Lawsuits challenging the use of race-based admissions policies by state universities are continuing to move through the court system. While this issue may ultimately be decided by the U.S. Supreme Court, universities on the losing side of the battle are in the process of implementing admissions policies that eliminate the consideration of race as a factor.
As a result of a lawsuit over the University of Georgias (UGA) admissions policy, school officials are now in the process of implementing a policy that takes only academic factors into consideration.
The previous UGA admissions process utilized a system called the Total Student Index (or TSI) that was developed to increase the minority student population. The TSI allowed the university to admit up to one-fifth of its annual applicants with lower academic qualifications in order to increase diversity on campus. In essence, it gave a statistical advantage to minority students who had lower grade point averages and test scores.
The TSI system was challenged as being unconstitutional, and ultimately, the Eleventh Circuit Court of Appeals upheld a lower courts decision overturning the admissions process, labeling it "arbitrary." On November 9, 2001, UGA announced that it would not appeal the case to the U.S. Supreme Court and began considering the "academics only" policy.
Not everyone is happy with the new policy. Some critics argue that UGAs plan to solely consider academic factors is akin to "throwing out the baby with the bathwater." For example, a university panel established to provide recommendations on improving school diversity has recently issued its recommendations that admissions criteria should be broadened and academic test scores should be downplayed.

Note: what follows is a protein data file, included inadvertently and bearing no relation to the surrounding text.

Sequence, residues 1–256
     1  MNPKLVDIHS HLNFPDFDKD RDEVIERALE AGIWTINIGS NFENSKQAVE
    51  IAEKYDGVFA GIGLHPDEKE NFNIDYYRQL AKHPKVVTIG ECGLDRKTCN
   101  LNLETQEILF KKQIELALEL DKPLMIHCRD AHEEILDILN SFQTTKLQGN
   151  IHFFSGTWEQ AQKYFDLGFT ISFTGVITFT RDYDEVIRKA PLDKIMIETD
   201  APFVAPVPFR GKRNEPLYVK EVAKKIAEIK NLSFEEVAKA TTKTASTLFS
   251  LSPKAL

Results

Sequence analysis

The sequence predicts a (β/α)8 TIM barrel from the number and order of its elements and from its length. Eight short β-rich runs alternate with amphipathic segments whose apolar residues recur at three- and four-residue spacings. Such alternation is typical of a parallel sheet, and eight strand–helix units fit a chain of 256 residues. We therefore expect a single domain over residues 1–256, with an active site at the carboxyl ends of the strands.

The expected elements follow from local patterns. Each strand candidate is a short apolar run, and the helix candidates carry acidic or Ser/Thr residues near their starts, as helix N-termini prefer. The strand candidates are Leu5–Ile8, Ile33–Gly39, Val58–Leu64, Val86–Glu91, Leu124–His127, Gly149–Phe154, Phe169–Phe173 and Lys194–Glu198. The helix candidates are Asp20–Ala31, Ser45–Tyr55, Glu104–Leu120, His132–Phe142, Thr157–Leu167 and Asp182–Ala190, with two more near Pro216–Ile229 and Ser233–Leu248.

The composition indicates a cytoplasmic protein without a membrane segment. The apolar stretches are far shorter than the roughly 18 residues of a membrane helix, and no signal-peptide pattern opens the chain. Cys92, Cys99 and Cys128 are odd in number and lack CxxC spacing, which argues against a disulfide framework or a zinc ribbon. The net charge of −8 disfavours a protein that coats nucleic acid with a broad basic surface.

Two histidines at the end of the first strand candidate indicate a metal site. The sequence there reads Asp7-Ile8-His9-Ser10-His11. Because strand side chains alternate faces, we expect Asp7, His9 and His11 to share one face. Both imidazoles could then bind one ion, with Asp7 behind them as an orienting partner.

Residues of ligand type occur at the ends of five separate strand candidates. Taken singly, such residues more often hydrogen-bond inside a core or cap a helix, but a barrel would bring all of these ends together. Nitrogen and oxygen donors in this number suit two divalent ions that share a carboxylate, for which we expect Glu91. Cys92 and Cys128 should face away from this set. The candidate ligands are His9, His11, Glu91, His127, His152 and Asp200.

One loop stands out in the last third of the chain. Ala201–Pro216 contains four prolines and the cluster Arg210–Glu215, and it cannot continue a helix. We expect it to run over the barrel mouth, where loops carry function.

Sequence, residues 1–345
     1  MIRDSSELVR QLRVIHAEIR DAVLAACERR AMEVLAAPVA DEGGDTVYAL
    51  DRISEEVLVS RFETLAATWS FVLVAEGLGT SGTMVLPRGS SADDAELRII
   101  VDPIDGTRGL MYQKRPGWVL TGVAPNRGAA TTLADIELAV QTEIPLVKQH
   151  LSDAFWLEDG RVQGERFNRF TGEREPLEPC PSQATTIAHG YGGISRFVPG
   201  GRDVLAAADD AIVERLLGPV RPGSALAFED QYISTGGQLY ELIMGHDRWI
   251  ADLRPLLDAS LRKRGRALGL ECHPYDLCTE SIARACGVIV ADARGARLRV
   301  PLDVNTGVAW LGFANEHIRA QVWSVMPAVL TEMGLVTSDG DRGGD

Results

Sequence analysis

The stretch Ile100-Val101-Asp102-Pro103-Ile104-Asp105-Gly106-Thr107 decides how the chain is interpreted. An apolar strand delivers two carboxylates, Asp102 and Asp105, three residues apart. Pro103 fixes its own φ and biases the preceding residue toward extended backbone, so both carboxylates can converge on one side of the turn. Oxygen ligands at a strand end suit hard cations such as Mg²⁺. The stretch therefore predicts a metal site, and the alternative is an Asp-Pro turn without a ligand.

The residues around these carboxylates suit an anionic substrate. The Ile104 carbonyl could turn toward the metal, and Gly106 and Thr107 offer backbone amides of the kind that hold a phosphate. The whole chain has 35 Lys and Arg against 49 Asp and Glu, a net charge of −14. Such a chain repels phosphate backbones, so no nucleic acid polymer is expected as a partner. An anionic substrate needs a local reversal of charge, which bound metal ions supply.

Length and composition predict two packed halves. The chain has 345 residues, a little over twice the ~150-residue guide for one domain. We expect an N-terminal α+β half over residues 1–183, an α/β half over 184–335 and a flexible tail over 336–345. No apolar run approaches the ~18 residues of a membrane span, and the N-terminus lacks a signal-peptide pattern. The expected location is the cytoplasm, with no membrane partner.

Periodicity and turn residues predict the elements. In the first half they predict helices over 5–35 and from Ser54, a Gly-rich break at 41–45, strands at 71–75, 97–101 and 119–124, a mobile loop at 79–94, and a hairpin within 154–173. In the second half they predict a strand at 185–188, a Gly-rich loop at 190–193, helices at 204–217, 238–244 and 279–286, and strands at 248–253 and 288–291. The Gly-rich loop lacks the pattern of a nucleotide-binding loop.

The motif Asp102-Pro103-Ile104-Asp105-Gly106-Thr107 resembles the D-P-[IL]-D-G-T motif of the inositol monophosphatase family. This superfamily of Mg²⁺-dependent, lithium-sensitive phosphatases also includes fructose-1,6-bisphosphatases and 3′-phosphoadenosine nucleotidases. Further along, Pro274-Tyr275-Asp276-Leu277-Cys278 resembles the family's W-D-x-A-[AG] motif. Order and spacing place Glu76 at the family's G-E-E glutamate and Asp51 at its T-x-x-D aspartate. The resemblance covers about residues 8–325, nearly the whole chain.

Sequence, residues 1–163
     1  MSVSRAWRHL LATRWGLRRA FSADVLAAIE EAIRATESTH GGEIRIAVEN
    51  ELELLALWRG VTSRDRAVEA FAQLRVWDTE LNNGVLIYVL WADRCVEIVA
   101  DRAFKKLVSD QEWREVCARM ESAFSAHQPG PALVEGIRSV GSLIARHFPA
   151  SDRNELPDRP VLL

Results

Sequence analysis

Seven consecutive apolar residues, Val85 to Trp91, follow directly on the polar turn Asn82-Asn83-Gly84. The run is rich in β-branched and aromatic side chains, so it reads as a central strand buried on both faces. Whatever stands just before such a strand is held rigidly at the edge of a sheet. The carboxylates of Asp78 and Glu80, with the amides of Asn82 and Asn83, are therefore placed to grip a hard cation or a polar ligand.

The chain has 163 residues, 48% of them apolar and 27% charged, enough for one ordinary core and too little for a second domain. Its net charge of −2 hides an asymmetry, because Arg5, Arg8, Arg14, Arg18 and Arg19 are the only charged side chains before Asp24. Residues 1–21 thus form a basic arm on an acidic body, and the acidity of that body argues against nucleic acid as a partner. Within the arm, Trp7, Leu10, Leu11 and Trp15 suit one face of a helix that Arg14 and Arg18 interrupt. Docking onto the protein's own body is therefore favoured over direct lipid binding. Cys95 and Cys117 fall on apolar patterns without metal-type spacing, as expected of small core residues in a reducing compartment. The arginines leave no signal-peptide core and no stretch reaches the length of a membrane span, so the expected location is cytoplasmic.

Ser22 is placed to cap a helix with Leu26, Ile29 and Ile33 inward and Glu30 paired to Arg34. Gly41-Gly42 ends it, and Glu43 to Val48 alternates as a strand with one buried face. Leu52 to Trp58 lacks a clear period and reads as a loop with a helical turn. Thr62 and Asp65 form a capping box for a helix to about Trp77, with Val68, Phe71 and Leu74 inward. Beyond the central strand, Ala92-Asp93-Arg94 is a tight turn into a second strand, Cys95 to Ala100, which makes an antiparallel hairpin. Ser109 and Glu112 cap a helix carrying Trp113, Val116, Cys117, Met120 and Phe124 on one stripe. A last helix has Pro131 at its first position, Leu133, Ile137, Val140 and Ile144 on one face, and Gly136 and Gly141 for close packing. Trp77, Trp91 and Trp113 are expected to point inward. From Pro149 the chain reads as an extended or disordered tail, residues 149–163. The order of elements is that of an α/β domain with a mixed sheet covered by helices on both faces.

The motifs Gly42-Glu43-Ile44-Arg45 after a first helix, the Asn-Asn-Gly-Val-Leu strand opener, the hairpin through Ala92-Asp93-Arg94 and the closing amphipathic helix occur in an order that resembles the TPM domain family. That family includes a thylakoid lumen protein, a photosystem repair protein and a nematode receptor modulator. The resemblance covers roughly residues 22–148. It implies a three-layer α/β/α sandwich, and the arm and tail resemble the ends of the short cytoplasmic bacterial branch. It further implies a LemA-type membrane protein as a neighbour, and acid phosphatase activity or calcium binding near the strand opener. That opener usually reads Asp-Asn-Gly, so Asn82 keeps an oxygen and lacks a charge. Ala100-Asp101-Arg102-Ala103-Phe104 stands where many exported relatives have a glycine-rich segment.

That recommendation echoes the newly unveiled admissions policy of the University of California (UC). UC announced that it would begin considering more than just the academic records of its applicants. Admissions officials will begin implementing a policy of comprehensive review which bases acceptance on factors such as economic backgrounds and personal achievements.
Some critics charge that such admission policies are nothing more than a backdoor approach to getting around federal court decisions eliminating race-based admission policies or put another way, an end-run around the elimination of affirmative action.
It remains to be seen what type of admissions policy the University of Texas at Austin will choose to implement now that it has recently revealed that it would not continue to appeal the Hopwood case, decided by the Fifth Circuit Court of Appeals, against its own race-based admissions policy.
Some experts believe that the stage is set for the US Supreme Court to ultimately take up this matter. The Sixth Circuit Court of Appeals held a hearing on December 6th on the University of Michigan's raced-based admission policies involving separate actions against the undergraduate and law school programs. If that court chooses to uphold those policies, the ruling will conflict with the 11th Circuit's UGA decision and thereby result in a circuit split.
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